The Literary Horizon: The Pinecone

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The Pinecone by Jenny Uglow

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In the village of Wreay, near Carlisle, stands the strangest and most magical Victorian church in England. This vivid, original book tells the story of its builder, Sarah Losh, strong-willed, passionate, and unusual in every way.

Sarah Losh is a lost Romantic genius—an antiquarian, an architect, and a visionary. Born into an old Cumbrian family, heiress to an industrial fortune, Losh combined a zest for progress with a love of the past. In the church, her masterpiece, she let her imagination flower—there are carvings of ammonites, scarabs, and poppies; an arrow pierces the wall as if shot from a bow; a tortoise-gargoyle launches itself into the air. And everywhere there are pinecones in stone. The church is a dramatic rendering of the power of myth and the great natural cycles of life, death, and rebirth.

Losh’s story is also that of her radical family, friends of Wordsworth and Coleridge; of the love between sisters and the life of a village; of the struggles of the weavers, the coming of the railways, the findings of geology, and the fate of a young northern soldier in the First Afghan War. Above all, it is about the joy of making and the skill of unsung local craftsmen. Intimate, engrossing, and moving, The Pinecone, by Jenny Uglow, the Prize-winning author of The Lunar Men, brings to life an extraordinary woman, a region, and an age.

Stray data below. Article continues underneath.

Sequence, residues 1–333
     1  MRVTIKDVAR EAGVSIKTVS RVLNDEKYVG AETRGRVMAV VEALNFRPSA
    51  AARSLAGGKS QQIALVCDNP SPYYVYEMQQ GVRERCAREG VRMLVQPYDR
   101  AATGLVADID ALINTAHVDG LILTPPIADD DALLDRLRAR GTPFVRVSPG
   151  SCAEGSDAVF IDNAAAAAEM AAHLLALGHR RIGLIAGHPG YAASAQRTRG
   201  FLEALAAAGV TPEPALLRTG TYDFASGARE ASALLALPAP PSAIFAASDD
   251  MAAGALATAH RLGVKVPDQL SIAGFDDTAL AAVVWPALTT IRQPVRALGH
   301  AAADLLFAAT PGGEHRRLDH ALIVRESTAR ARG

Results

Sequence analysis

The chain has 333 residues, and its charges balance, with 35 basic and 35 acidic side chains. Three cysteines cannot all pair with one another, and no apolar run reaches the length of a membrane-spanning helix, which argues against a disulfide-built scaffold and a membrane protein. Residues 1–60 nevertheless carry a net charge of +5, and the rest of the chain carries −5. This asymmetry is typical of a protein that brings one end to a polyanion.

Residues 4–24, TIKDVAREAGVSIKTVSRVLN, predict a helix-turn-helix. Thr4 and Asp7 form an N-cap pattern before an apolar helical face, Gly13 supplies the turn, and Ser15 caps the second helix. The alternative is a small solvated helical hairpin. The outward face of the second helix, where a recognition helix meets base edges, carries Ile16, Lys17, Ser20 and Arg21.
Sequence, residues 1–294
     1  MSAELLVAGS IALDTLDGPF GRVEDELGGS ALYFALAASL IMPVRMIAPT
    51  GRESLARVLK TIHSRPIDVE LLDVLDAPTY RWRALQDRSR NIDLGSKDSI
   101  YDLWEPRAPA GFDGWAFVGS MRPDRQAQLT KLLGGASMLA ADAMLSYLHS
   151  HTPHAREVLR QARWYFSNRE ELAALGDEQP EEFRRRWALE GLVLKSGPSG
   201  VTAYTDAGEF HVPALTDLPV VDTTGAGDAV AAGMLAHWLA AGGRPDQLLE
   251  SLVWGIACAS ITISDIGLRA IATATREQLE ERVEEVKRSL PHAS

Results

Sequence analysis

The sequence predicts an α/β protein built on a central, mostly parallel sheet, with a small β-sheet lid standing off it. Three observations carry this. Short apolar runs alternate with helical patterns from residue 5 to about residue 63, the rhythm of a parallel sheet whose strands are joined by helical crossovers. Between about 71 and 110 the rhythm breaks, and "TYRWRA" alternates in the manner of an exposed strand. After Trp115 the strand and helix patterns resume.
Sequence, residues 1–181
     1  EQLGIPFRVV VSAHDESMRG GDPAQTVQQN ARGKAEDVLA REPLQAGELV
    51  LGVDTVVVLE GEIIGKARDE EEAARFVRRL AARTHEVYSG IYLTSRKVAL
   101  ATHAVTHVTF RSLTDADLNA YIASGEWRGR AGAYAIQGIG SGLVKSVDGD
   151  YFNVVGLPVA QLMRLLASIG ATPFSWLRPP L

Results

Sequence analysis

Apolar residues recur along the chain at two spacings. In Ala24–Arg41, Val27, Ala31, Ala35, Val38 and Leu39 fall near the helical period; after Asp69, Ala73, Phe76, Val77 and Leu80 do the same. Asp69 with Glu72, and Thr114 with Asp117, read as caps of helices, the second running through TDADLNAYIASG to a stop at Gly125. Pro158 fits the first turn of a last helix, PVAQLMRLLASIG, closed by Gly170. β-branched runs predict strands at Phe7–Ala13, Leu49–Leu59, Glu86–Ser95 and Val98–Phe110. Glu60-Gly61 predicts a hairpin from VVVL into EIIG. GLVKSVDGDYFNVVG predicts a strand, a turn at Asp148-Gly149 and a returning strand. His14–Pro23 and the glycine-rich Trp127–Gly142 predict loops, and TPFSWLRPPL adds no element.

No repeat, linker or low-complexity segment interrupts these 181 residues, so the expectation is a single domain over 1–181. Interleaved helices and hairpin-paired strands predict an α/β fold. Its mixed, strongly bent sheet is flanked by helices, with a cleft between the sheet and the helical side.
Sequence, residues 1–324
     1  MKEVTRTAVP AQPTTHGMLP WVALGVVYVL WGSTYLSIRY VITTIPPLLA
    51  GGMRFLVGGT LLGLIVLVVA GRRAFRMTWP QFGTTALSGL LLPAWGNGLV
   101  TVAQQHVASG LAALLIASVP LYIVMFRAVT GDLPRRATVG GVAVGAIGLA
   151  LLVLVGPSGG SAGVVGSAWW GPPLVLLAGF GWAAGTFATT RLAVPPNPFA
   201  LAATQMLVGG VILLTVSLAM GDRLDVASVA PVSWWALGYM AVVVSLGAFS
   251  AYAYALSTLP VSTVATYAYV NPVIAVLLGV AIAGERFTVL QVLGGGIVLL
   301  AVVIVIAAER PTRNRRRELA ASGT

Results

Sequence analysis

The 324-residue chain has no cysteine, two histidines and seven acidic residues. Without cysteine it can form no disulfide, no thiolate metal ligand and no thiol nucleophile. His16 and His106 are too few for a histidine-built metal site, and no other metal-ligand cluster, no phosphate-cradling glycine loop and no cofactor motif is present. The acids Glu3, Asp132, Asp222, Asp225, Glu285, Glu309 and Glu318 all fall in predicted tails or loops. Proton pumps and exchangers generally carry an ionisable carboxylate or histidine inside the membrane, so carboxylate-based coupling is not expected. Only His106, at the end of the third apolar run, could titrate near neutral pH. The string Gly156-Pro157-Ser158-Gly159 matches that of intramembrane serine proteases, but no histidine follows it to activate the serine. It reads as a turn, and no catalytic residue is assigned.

via Amazon

I’ve been on a historical biography kick recently—watch for tomorrow’s review of The Black Count—thus the addition of this tome to the old reading list. Gorgeous architecture by an unsung Romantic female intellectual? Count me in.

Laura Miller, writing for Salon, found it atmospheric and beautiful. Fleur, at Fleur in Her World, found it beautiful as well. Rachel Hewitt, writing for The Guardian, enjoyed it, but found Losh’s own voice muted due to the unavailability of certain primary sources. Megan Marshall, writing for The New York Times, notes the same problem, but finds Uglow’s managing of it—by focusing on atmosphere—acceptable.

The Pinecone was published on January 15th.

2 thoughts on “The Literary Horizon: The Pinecone

  1. Huh! This sounds so tempting, but I hope Uglow addresses the issues of colonialism head on instead of pretending it didn’t fuel England. Otherwise I’ll probably be cranky.😉 Still tempted to try it!

  2. Pingback: TLC Book Tour: Margaret Fuller: A New American Life by Megan Marshall | Books in the Burbs

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